Egypt's new Islamist president, Mohamed Morsi, is urging the United States to change its approach to the Arab world to be able to repair relations and revitalize an alliance with Egypt.
Morsi will travel to New York on Sunday to take part in a meeting of the UN General Assembly.
"Successive American administrations essentially purchased with American taxpayer money the dislike, if not the hatred, of the peoples of the region," the president told The New York Times in an interview.
According to the paper, he was referring to US backing of dictatorial governments in the region and Washington's unconditional support for Israel.
The remarks followed days of violent anti-American protests in Cairo sparked by an amateur anti-Islamic film posted on YouTube. During these events Morsi called on demonstrators to show restraint while condemning the film ridiculing the Prophet Mohammed.
Morsi praised US President Barack Obama for moving "decisively and quickly" to support the Arab Spring revolutions, arguing that the United States supported "the right of the people of the region to enjoy the same freedoms that Americans have."
But he also expressed concern about the plight of Palestinians, who still don't have their own state, the paper said.
Americans, he pointed out, "have a special responsibility" for the Palestinians because the United States had signed the 1978 Camp David accord, which called for Israel's withdrawal from the West Bank and Gaza to allow for full Palestinian self-rule.
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"As long as peace and justice are not fulfilled for the Palestinians, then the treaty remains unfulfilled," he said.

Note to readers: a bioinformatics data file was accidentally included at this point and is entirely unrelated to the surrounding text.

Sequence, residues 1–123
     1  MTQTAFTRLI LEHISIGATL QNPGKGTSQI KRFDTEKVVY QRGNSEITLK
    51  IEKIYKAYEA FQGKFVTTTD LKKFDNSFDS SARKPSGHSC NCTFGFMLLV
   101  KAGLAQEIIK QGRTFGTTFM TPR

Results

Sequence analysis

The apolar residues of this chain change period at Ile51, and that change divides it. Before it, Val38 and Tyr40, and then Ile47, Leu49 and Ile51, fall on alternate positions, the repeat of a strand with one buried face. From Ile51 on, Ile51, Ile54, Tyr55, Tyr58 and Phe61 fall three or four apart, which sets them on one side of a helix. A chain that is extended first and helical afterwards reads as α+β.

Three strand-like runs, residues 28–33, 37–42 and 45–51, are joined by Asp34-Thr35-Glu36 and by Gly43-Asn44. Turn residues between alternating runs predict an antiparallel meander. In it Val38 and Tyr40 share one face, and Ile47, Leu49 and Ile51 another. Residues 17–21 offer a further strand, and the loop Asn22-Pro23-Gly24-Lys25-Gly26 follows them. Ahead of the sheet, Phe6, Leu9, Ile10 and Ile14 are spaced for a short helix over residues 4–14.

According to The Times, Morsi was evasive when asked if he considered the United States an ally.
"That depends on your definition of ally," he said, adding that he considered the two nations "real friends."
The issue was thrust to the forefront of bilateral relations earlier this month, when President Obama suggested that Cairo was neither an ally nor a foe.
State Department spokeswoman Victoria Nuland and other top administration officials then tried to distance from Obama's comment by acknowledging that officially Egypt was still "major non-NATO ally."
Egypt was granted such status under US law in 1989, allowing it to enjoy a close relationship with the US military, along with other allies including Australia, Japan, Jordan, Israel and Thailand.
In his interview, Morsi also reaffirmed his links to the Muslim Brotherhood, a religious organization viewed by many in the United States with suspicion.
"I grew up with the Muslim Brotherhood," the president said. "I learned my principles in the Muslim Brotherhood. I learned how to love my country with the Muslim Brotherhood. I learned politics with the Brotherhood. I was a leader of the Muslim Brotherhood."
He also pointed out that the United States should not expect Egypt to live by its rules as the West, underscoring a cultural divide between the two nations.
"If you want to judge the performance of the Egyptian people by the standards of German or Chinese or American culture, then there is no room for judgment," he said. "When the Egyptians decide something, probably it is not appropriate for the US. When the Americans decide something, this, of course, is not appropriate for Egypt."
Morsi initially sought to meet with President Obama at the White House, The Times said, but he received a cool reception, and the idea was dropped.